2
date of filing the petition before the IACHR. The Commission sent its reply by communication dated
July 19, 2010.
6.
The Commission received additional information from the petitioners through
communications dated August 20, 2010 and February 21, 2011. These communications were duly
forwarded to the State.
7.
The Commission received additional information from the State through
communications dated November 2, 2010 and May 11, 2011. These communications were duly
forwarded to the petitioners.
III.

POSITIONS OF THE PARTIES

A.

Position of the petitioners

8.
The petitioners claim that Luis Fernando Guevara Diaz provided services free of
charge to the Finance Ministry of Costa Rica during approximately eight years until, on June 4, 2001,
he was hired on an interim basis as a “Miscellaneous Worker 1”. 2
9.
They report that while performing his duties as an interim worker, Mr. Guevara Díaz
voluntarily3 entered a competitive hiring process for appointment as a holder of the title to that
position. They report that after taking the preliminary tests – which were administered in a
differentiated manner because of his disability – a list was made of eligible participants, who were
subsequently interviewed. The petitioners assert that Mr. Guevara Díaz was slated in first place on
that list, given that he had achieved the highest score (78.97%). 4 The petitioners claim that after the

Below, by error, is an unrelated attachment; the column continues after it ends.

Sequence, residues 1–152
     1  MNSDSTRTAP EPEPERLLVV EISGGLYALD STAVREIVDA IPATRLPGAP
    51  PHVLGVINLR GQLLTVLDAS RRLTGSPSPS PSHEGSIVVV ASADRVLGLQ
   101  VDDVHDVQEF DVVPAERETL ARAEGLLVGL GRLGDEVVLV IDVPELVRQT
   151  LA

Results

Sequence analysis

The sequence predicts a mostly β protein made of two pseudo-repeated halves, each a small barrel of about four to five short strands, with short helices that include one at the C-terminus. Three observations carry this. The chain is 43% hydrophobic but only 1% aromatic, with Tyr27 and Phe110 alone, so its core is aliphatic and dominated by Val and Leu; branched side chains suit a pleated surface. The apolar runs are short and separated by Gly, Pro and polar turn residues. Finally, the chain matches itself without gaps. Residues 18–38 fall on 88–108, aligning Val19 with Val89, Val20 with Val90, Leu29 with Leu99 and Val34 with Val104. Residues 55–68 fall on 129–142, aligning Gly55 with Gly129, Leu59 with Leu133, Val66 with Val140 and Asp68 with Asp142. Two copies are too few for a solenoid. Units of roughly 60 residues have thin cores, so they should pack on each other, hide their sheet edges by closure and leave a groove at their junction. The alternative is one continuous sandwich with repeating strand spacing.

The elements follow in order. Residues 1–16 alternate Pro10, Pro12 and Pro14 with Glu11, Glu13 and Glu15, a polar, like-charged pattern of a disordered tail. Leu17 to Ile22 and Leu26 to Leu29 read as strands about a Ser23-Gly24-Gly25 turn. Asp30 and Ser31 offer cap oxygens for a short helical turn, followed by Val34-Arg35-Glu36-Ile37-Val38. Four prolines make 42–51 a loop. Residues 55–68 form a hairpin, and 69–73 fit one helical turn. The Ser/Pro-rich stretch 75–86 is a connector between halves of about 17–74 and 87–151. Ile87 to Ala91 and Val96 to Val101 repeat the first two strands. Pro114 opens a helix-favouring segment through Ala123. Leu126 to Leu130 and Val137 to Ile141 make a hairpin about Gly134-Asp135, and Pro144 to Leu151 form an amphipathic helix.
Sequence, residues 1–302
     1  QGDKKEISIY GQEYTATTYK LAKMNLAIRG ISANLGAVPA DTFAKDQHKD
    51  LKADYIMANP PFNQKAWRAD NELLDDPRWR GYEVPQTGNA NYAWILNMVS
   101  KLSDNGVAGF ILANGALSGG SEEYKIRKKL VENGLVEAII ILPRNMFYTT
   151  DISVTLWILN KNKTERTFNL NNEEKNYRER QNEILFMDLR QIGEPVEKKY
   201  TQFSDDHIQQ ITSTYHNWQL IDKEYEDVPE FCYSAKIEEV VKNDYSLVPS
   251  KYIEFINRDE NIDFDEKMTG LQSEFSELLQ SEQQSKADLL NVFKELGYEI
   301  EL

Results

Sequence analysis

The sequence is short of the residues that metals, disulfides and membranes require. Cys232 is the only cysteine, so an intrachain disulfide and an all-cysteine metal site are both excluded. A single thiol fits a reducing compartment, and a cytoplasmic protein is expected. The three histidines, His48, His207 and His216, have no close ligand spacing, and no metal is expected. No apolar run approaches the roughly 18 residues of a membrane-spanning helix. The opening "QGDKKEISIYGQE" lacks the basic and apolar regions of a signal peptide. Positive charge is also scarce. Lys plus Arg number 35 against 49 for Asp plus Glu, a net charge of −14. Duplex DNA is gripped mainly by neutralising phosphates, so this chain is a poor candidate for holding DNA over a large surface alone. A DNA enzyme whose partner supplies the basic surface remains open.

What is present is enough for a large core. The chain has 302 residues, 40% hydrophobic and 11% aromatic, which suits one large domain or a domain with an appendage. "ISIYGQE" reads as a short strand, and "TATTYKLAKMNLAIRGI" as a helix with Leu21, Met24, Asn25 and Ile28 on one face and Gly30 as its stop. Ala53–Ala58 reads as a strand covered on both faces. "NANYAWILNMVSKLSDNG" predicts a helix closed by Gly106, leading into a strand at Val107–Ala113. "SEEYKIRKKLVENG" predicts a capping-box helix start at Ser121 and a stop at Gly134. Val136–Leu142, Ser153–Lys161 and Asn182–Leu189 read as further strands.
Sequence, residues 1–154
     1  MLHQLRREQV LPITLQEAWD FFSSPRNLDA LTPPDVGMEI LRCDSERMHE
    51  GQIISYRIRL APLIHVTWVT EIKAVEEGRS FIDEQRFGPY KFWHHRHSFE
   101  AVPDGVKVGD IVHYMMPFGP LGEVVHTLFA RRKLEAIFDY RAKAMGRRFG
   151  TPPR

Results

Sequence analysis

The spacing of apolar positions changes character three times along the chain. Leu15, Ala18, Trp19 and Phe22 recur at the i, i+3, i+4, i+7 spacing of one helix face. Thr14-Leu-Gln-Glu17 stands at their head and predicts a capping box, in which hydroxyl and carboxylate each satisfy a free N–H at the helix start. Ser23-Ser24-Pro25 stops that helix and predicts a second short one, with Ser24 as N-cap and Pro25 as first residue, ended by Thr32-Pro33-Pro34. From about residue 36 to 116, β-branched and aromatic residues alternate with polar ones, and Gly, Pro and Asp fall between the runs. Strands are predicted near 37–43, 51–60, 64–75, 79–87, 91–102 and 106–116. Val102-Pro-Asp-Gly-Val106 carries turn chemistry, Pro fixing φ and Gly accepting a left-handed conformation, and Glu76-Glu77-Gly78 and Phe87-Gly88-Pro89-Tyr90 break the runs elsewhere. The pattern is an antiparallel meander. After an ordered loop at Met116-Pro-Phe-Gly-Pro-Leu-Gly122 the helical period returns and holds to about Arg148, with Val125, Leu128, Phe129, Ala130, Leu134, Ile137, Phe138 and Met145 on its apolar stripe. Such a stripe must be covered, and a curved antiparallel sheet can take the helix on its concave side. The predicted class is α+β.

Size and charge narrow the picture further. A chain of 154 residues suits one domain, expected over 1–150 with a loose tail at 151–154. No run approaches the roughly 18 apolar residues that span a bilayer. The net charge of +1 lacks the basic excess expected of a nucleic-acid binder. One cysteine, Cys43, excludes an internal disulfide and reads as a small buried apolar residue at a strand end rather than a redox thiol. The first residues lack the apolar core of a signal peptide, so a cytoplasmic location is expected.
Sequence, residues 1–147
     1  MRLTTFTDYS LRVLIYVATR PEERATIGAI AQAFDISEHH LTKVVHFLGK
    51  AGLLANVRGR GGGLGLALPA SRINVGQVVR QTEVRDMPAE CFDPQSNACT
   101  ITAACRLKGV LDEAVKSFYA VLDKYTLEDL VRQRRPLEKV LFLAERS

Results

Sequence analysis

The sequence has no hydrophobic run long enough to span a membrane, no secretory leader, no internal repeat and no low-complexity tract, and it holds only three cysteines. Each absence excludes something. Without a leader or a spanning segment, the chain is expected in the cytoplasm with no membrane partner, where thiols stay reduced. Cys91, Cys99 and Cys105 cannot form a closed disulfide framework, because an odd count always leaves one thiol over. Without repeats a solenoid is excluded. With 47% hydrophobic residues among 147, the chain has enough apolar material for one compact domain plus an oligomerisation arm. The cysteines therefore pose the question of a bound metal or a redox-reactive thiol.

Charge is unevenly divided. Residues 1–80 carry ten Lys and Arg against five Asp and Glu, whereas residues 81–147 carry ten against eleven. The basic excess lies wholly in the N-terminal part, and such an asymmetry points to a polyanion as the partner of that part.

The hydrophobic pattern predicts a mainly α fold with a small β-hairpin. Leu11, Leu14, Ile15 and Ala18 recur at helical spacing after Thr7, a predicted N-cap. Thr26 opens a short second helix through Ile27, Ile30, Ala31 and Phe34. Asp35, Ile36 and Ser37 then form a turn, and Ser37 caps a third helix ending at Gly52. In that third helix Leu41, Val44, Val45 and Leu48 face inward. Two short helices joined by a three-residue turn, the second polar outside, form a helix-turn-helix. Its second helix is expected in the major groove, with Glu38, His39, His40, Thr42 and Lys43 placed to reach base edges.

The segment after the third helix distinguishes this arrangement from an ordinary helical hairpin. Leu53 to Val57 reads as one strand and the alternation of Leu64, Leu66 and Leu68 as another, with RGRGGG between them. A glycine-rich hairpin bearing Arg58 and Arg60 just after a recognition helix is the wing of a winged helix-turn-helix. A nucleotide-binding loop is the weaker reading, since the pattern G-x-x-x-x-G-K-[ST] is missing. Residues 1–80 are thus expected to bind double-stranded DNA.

selection process had been concluded, Mr. Guevara found out from unofficial sources that he had
not been selected to occupy the position for which he had competed and which he currently held on
an interim basis within the Finance Ministry, and that a person had been appointed in his place, this
person being from outside the institution and free of any type of disability. They further state that
as of June 16, 2003, the interim appointment of Mr. Guevara Díaz was terminated and that he has
been unemployed since that date.5
10.
The petitioners present a series of considerations to question the above-mentioned
selection process, claiming that it produced discriminatory outcomes to the injury of the alleged
victim. Among these considerations the petitioners claim that according to applicable regulations,
the power to appoint or select is regulated in such a way that it can produce situations of
discrimination. Specifically, they claim that the relevant labor authority can appoint any of the three
persons on the proposed list of candidates, given that its power is discretionary. The petitioners hold
that this is a flaw in the system. They argue that in this case, in order to ensure equality, the scores
achieved by the alleged victim and his job performance, both during the years he worked free of
2

The petitioners indicate that consideration must be given to the fact that as of 29 May 1996, Law No. 7600 went
into effect in Costa Rica, the “Law of Equal Opportunities for Persons with Disabilities”, and that at that time the victim had
already been working for two years providing free services to the State.
3

They make clear that the alleged victim was not called by the Department of General Civil Service, but that he
entered voluntarily.
4

The petitioners underscore that at that time, the alleged victim had been working at the State agency for about ten

years.
5

As for his merits as a worker position, the petitioners add that he received a letter congratulating him for his work,
and the coordinator of human resources in the Finance Ministry, through a letter dated 7 July 2003, stated that “having
reviewed the personnel file of that employee, it has been determined that there is no report of any labor or behavior problems
of any kind.”

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